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Basal ganglia and cerebellar interconnectivity within the human thalamus

Abstract

Basal ganglia and the cerebellum are part of a densely interconnected network. While both subcortical structures process information in basically segregated loops that primarily interact in the neocortex, direct subcortical interaction has been recently confirmed by neuroanatomical studies using viral transneuronal tracers in non-human primate brains. The thalamus is thought to be the main relay station of both projection systems. Yet, our understanding of subcortical basal ganglia and cerebellar interconnectivity within the human thalamus is rather sparse, primarily due to limitation in the acquisition of in vivo tracing. Consequently, we strive to characterize projections of both systems and their potential overlap within the human thalamus by diffusion MRI and tractography. Our analysis revealed a decreasing anterior-to-posterior gradient for pallido-thalamic connections in: (1) the ventral-anterior thalamus, (2) the intralaminar nuclei, and (3) midline regions. Conversely, we found a decreasing posterior-to-anterior gradient for dentato-thalamic projections predominantly in: (1) the ventral-lateral and posterior nucleus; (2) dorsal parts of the intralaminar nuclei and the subparafascicular nucleus, and (3) the medioventral and lateral mediodorsal nucleus. A considerable overlap of connectivity pattern was apparent in intralaminar nuclei and midline regions. Notably, pallidal and cerebellar projections were both hemispherically lateralized to the left thalamus. While strikingly consistent with findings from transneuronal studies in non-human primates as well as with pre-existing anatomical studies on developmentally expressed markers or pathological human brains, our assessment provides distinctive connectional fingerprints that illustrate the anatomical substrate of integrated functional networks between basal ganglia and the cerebellum. Thereby, our findings furnish useful implications for cerebellar contributions to the clinical symptomatology of movement disorders.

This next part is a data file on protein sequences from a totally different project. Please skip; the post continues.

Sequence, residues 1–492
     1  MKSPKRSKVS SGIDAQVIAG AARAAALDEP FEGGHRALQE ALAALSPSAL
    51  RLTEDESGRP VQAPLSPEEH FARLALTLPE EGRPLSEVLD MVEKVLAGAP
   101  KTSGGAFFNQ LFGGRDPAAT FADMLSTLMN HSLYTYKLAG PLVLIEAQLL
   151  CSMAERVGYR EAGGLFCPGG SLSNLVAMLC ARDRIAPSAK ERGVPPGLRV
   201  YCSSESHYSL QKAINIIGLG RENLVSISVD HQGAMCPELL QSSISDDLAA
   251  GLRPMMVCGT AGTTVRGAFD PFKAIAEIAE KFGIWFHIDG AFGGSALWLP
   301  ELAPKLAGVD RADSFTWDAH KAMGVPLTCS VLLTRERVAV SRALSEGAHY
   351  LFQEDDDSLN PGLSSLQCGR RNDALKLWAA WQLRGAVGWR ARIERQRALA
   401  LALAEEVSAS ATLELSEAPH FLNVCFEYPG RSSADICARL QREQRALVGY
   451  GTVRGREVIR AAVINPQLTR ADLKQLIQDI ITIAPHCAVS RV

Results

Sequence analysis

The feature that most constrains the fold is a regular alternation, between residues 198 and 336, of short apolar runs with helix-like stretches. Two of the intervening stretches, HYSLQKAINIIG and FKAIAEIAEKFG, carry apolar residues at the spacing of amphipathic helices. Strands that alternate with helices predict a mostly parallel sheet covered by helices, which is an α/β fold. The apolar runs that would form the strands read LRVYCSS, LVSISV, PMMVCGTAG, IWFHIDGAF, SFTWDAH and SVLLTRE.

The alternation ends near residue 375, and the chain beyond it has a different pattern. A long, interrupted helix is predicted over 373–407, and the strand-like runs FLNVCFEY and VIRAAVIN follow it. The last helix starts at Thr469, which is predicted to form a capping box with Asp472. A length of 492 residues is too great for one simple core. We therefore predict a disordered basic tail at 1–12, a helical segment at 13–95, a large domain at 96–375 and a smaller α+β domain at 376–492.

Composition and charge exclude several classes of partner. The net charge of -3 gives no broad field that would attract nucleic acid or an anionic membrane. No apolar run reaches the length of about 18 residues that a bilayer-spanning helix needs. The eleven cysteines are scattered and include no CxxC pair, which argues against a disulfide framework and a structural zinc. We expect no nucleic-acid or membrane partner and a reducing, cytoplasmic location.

Introduction